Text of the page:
Guiltily, Maethor continued swiftly onwards, impatient and frustrated that he could not find Dulrain. It was as if he, too, had disappeared from the village. A cold shudder passed through him as a thought, dark with fear and horror, slipped unbidden to his mind: maybe he had found Naiore and she had slain him, just as she had done to so many others? Quickening his pace and sick at heart, Maethor continued to search, determined to find him, though his fearful imaginings played and toyed with him.
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Old 10-13-2003, 10:04 PM   #94
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Kaldir

Kaldir watched as Gilly's brown head bobbed out of sight through the opening in the bramble hedge. It had been a calculated risk, giving her the freedom to run down to the stream on her own like that, but it also served another purpose. It was a test. He needed to see exactly how far his dominance extended over her, to see if she could be trusted. So far, he admired her gumption. She was a courageous little thing, even if she was a bit foolish. He had always heard that hobbits were made of tougher stuff than they appeared, and it interested him to see that it was true. If she could be trusted to do as she was told, Mrs. Banks could be of great use to him. As for her friend...

He turned and looked at Benia, who sat before him, bound and shackled on the ground. He still had not made up his mind what to do about her. She was courageous, too. He remembered the way she had looked the day before when, unable to outrun him, she had turned and drawn her sword. Especially with her injured ankle, she must have known that she would never have stood a chance against him. If he had been inclined to kill her, she would be dead. Yet her eyes had shown no fear. In fact, he remembered being struck by the stern beauty of her as she turned to face him, the sureness of her movements, the determination in her face. She had looked to him like the princess of some tragic Haradrim romance, the way the morning sun had made the silver spangles of her facial jewelry sparkle like diamonds against her olive skin. Stubbornly, he turned away from her and made his way back in the direction of the horses.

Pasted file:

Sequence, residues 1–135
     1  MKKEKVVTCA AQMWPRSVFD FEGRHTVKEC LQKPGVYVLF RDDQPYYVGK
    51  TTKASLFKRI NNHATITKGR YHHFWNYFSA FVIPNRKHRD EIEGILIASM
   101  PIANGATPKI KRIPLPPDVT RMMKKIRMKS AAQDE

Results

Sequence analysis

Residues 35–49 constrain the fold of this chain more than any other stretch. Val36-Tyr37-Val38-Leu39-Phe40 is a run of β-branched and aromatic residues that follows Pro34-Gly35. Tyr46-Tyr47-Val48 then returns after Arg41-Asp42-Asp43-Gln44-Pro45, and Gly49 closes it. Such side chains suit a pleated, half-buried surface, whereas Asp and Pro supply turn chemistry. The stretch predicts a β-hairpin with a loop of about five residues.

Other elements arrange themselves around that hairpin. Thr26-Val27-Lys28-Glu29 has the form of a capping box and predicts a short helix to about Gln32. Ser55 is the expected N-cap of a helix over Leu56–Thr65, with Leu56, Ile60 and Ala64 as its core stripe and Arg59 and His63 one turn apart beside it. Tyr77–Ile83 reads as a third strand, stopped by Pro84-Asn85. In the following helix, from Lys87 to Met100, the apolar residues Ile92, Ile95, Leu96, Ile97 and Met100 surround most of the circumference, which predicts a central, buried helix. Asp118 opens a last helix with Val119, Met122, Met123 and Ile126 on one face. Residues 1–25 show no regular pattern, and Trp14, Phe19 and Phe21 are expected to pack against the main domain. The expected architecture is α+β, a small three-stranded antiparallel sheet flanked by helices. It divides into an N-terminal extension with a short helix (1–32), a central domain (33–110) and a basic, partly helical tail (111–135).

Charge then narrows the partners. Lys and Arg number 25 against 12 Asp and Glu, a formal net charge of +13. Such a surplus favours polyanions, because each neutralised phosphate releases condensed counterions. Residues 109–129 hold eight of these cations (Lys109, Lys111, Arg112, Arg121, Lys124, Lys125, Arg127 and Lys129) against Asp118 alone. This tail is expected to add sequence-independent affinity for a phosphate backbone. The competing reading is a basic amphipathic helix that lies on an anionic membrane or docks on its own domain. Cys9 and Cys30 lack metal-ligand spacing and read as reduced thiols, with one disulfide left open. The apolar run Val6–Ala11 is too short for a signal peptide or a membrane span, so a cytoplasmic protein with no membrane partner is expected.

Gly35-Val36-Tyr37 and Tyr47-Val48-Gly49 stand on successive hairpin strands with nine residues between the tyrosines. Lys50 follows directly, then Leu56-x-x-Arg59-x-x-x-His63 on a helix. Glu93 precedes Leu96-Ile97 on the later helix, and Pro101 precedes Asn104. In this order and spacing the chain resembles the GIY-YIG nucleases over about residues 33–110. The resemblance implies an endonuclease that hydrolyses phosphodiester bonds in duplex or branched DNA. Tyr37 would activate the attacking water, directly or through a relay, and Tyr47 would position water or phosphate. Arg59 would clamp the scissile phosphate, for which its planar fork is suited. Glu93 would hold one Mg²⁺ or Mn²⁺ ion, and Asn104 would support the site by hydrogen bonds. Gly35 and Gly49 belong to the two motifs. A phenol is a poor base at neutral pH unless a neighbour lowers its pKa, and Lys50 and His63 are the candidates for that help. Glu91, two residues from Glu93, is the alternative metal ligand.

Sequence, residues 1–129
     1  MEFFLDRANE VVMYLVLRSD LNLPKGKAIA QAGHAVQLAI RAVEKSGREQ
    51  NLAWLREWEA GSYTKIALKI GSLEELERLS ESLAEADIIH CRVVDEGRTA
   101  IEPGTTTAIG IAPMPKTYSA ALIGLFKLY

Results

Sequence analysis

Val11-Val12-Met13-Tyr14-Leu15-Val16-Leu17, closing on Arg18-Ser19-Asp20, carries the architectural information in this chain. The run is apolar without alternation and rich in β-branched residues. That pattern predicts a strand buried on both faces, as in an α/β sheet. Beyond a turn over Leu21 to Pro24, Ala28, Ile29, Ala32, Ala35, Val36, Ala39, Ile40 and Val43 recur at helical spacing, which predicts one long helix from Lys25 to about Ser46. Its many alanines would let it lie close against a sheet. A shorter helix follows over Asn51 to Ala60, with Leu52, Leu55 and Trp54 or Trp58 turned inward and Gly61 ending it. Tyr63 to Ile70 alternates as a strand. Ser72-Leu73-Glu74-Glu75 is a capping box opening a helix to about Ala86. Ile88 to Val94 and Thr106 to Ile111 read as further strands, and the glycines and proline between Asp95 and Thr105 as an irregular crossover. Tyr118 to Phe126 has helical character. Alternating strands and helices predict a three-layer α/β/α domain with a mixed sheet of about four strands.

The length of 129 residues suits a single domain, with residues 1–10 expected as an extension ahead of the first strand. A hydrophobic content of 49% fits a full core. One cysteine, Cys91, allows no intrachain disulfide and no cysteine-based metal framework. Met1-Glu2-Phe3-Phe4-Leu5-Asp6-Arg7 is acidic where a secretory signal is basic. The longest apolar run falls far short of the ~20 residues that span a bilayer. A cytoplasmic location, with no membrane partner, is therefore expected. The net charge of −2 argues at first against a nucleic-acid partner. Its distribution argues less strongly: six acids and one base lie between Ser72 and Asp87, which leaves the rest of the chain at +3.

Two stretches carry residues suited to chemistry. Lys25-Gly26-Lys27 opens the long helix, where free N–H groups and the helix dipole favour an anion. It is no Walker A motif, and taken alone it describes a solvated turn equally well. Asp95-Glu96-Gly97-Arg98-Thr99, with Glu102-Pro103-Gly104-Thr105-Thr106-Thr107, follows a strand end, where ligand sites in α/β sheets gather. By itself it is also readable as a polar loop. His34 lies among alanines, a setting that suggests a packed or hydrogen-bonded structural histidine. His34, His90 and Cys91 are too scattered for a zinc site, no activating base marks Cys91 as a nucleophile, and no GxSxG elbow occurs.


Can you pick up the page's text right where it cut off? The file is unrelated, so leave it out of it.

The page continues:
She was a distraction. No. He shook his head. She was a bounty, and one for which he would be handsomely paid, nothing more and nothing less. It was unfortunate that he had come across her just as Naiore had made her appearance, complicating a pursuit that would have been difficult without the extra baggage presented by her and Mrs. Banks, but he had no intention of letting them go. He would just have to find a way to work around them. The first problem was Bree.

Based on his conversation with Barrold Ferney, Kaldir believed that Naiore was still in the vicinity of Bree, if not still within the town's walls. Ferney had a history of trafficking not only in hot merchandise, but in fugitives as well. She had probably gone underground into one of Ferney's various hiding places. He knew most of them from past dealings with Ferney, some with Ferney's knowledge, others without. He would have to search them one by one until he found a trace of Naiore's presence. He would start with Ferney's house, though that was the least likely place, and from there move on to the other rat holes, caves, and deserted buildings that Ferney made use of, starting with the ones Ferney did not know he was aware of. The desert woman and the hobbit would just have to come with him.

Kaldir began redistributing the supplies of the pack pony between the three horses, as Mrs. Banks would now have to ride the pack pony. It would raise too many eyebrows for a respectable-looking hobbit lady like Mrs. Banks to be seen riding double with the likes of him. She, in fact, both women, would have to seem to be with him of their own accord. Otherwise, he could expect no end of complications and interference once they entered Bree. As it was, their presence with him might generate a few whispers, but whispers were acceptable. Interference was not.